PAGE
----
Well, it is official – meat makes you die again, and now, so does wine. At least I can anticipate the cause of my demise as opposed to worrying about being eaten by a shark or losing in the Hunger Games.
Anyway, a couple of weeks ago, I started attending a wine class. We talk about viticulture and regional differences between wines, along with tasting a bunch of awesome stuff. In the middle of one of our lectures, I started to drift off and compare wine and training in my head while blind tasting an American chenin blanc. Here is what I came up with:
Wine and training are:
- As serious as you want it to be.
- Based on some key foundational concepts, but ultimately driven by personal preference.
- Ultimately meant to bring happiness and enjoyment to our lives.
So how can my thoughts benefit you and your own routine? As our sommelier, Tim, always says before we dive in to our discussions – let’s taste.
It Ain’t That Serious
I haven’t always been fit. In fact, I was unhealthy and overweight for a long time. As an “exercise scientist,” I could sit here and write a pretty thorough article on why the elliptical machine is not an ideal way to spend your time in the gym. What my personal experience tells me, though, is that listening to the Pussycat Dolls while jamming on the Precor three times a week empowered me to make significant changes in my life. So yeah, you can definitely lose fat on the elliptical machine. Lots of people have.
Me: Before and After Precor and Pussycat Dolls
Similarly, I haven’t always cared about the specifics of wine. Sometimes, I still don’t. For example, my favorite wines are from the Chatâeuneuf-du-Pape in France. They are bold, scratchy, and leathery, especially depending on the vintage. You want to know something, though? I love cheap wine, too. Sometimes I just care to taste some warm grapes and don’t care about the nuances. If it is a beautiful night, and you have a bottle of something, then yes – I would love a glass, thank you.
A Story From the Gym
The concept of personal preference is becoming lost in our “here today, gone tomorrow” Internet meme culture, especially in fitness. Trainers are prone to “writing it for the likes” and our information is getting further and further away from practical application. Does Zumba build strength or stimulate the hormones and metabolic pathways that are most conducive to fat loss? No, not exactly. Here is a story, though:
I worked with a wonderful woman who was enthusiastic about getting started in the gym, but also nervous. She was middle-aged and in an obese condition, and it was her first time participating in traditional exercise. After brainstorming a plan to help her feel more comfortable, I said, “Let’s take the Tuesday Zumba class together.” Considering that I dance like Elaine in Seinfeld, I was hoping that our mutual struggle would put her at ease.
“Seeing someone motivate herself to let go of fear, be in the moment, and simply enjoy moving – it still makes me emotional as I type this.”
What did I find in that class? Support and community. Despite the punch in, punch out vibe at our commercial gym, the people who attended that class all seemed to know each other. The instructor was positive and enthusiastic, and I actually found the continual dancing to be challenging. Even though I was in good enough shape to be rowing some solid 500m splits at the time, I was covered in sweat by the end of the class.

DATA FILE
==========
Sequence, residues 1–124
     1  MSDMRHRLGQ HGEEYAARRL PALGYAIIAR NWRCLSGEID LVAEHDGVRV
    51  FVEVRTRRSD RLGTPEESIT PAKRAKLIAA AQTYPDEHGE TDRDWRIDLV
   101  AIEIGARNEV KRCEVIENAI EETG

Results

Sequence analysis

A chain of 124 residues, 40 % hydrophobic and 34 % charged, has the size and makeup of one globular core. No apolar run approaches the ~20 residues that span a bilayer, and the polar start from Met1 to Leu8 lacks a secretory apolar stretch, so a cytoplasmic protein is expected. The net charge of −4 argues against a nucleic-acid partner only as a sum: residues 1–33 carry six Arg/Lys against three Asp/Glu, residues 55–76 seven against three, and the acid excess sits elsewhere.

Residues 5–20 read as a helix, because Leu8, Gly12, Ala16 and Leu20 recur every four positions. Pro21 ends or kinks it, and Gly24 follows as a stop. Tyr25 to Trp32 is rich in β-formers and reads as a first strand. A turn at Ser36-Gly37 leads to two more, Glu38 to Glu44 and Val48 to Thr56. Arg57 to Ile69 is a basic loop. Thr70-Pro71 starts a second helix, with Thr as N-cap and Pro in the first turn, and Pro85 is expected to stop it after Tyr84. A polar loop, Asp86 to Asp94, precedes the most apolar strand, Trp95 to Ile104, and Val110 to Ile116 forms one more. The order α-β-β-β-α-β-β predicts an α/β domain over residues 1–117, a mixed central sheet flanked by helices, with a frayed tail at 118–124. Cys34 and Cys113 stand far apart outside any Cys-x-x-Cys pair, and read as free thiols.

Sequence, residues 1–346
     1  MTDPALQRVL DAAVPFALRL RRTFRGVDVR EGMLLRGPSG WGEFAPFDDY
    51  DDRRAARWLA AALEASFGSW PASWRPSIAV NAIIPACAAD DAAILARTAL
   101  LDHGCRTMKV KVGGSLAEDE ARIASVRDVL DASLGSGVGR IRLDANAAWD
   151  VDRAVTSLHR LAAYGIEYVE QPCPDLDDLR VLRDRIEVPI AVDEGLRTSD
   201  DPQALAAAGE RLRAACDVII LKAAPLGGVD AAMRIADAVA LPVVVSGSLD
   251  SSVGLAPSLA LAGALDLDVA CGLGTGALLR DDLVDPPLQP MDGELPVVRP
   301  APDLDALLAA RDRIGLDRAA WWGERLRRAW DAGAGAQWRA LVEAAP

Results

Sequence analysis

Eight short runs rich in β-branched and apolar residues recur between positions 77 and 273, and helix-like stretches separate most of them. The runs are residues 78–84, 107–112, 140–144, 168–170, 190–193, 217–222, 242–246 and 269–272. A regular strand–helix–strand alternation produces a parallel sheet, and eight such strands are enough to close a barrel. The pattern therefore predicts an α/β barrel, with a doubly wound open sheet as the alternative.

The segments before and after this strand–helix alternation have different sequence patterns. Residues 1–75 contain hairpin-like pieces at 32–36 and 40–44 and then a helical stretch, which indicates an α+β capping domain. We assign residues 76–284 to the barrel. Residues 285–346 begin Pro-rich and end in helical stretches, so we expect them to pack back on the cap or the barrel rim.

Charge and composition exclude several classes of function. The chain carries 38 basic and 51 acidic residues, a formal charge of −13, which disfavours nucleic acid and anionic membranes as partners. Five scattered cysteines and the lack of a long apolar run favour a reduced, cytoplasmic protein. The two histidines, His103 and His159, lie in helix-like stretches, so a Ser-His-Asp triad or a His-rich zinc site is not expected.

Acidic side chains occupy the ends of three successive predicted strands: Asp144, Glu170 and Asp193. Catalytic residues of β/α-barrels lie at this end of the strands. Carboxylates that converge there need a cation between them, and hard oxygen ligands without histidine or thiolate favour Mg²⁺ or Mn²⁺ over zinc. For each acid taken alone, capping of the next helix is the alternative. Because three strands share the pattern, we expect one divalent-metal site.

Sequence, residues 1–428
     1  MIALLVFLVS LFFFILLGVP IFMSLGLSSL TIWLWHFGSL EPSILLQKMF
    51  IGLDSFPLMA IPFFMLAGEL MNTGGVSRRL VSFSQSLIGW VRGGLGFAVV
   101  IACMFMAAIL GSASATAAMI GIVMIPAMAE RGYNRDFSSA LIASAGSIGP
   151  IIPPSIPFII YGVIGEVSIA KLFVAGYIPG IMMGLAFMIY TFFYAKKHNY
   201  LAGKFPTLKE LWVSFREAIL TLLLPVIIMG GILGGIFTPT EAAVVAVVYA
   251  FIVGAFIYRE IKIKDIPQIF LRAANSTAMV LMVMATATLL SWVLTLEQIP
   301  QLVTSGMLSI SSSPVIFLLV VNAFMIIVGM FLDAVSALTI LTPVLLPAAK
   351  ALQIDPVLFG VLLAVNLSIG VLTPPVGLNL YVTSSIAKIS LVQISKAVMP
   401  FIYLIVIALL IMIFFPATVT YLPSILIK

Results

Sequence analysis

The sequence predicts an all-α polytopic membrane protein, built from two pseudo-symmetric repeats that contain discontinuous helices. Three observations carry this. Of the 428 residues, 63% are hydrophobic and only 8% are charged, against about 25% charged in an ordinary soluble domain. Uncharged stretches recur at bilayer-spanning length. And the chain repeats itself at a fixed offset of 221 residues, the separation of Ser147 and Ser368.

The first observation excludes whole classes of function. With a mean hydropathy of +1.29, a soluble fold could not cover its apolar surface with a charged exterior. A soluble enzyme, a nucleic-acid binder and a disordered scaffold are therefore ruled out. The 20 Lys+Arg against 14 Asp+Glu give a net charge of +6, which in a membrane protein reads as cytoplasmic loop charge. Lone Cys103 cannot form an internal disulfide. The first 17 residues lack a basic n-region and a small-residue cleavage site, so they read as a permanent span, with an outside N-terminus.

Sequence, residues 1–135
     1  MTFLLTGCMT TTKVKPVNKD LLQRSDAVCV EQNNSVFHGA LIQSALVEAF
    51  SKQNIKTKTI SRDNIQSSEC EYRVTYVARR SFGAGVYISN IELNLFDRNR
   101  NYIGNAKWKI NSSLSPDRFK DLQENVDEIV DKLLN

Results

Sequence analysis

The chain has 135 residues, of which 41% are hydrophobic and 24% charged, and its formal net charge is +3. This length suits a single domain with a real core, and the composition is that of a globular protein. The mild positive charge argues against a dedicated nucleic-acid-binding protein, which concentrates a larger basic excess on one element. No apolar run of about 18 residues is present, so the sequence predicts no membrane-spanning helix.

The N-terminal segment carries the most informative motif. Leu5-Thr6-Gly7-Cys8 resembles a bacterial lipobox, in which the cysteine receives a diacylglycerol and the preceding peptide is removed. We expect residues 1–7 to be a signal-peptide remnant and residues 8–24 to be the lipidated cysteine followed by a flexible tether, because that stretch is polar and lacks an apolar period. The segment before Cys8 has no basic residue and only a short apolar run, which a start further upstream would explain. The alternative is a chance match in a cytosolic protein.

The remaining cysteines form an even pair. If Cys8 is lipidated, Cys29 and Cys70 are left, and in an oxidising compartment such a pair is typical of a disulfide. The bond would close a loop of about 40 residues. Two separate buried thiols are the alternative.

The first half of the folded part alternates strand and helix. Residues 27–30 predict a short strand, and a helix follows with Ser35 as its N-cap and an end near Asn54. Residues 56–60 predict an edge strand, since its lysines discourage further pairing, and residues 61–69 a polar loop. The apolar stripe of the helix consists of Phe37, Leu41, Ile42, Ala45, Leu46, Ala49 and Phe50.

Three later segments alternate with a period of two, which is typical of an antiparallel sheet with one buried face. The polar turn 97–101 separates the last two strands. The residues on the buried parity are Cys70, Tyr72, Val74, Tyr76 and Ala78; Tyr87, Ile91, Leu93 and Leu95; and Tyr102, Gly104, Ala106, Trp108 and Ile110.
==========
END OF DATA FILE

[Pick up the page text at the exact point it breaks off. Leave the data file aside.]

In the last few minutes, the instructor rounded everyone up in a dance circle. There was no way in hell I was getting in the middle of that thing, because it would have looked like this:
But my client? She Zumba-ed right into that damn circle. It was one of the coolest things ever. Seeing someone motivate herself to let go of fear, be in the moment, and simply enjoy moving – it still makes me emotional as I type this.
The Best Education Is Experience
At the end of the day, things don’t always have to be so serious all the time. An article doesn’t have to link to thirteen scientific studies for it to be meaningful. In fact, the last time I clicked through to the citations in an article, almost all of them were either unrelated to the content or (even better) had conclusions that refuted the author’s claims.
Just like wine, there are basic facts that can elevate one concept over another. A Chatâeuneuf-du-Pape will always be more complex and nuanced than what you find on the shelf at a grocery store. Heavy volume squats will always be a more effective mode of body recomposition than a Spin class.
“Let’s take the Tuesday Zumba class together.” Considering that I dance like Elaine in Seinfeld, I was hoping that our mutual struggle would put her at ease.”
But the true meaning in these things is up to you. I know how it felt to finish my first 5K, so I will never, regardless of what I read, convince someone not to run. I have people ask me all the time where they can find the white zinfandel on our wine list, and even though I might laugh in my head, I try to help them find something they will love.
Why? Because a couple weeks ago, we were blind tasting some rosés, and here are my tasting notes for the two wines:
The whole class was pretty much in agreement on these wines – both good. The first wine was missing a little balance, but still delicious. I guessed it to be a rosé of pinot noir, possibly from California or Oregon, especially after wine number two turned out to be a rosé of gamay from France.
But when Tim took the foil off, what was it?
I guess I’m not so fancy after all.
Read more like this:
- Real Functional Fitness: CrossFit and the Battle Against Cancer
- The Female Guide to Getting Lean
- 3 Lessons We Can All Learn From the CrossFit Games
- What’s New On Breaking Muscle Today
Photo 1 courtesy of Shutterstock.
Photo 2 courtesy of Shannon Khoury.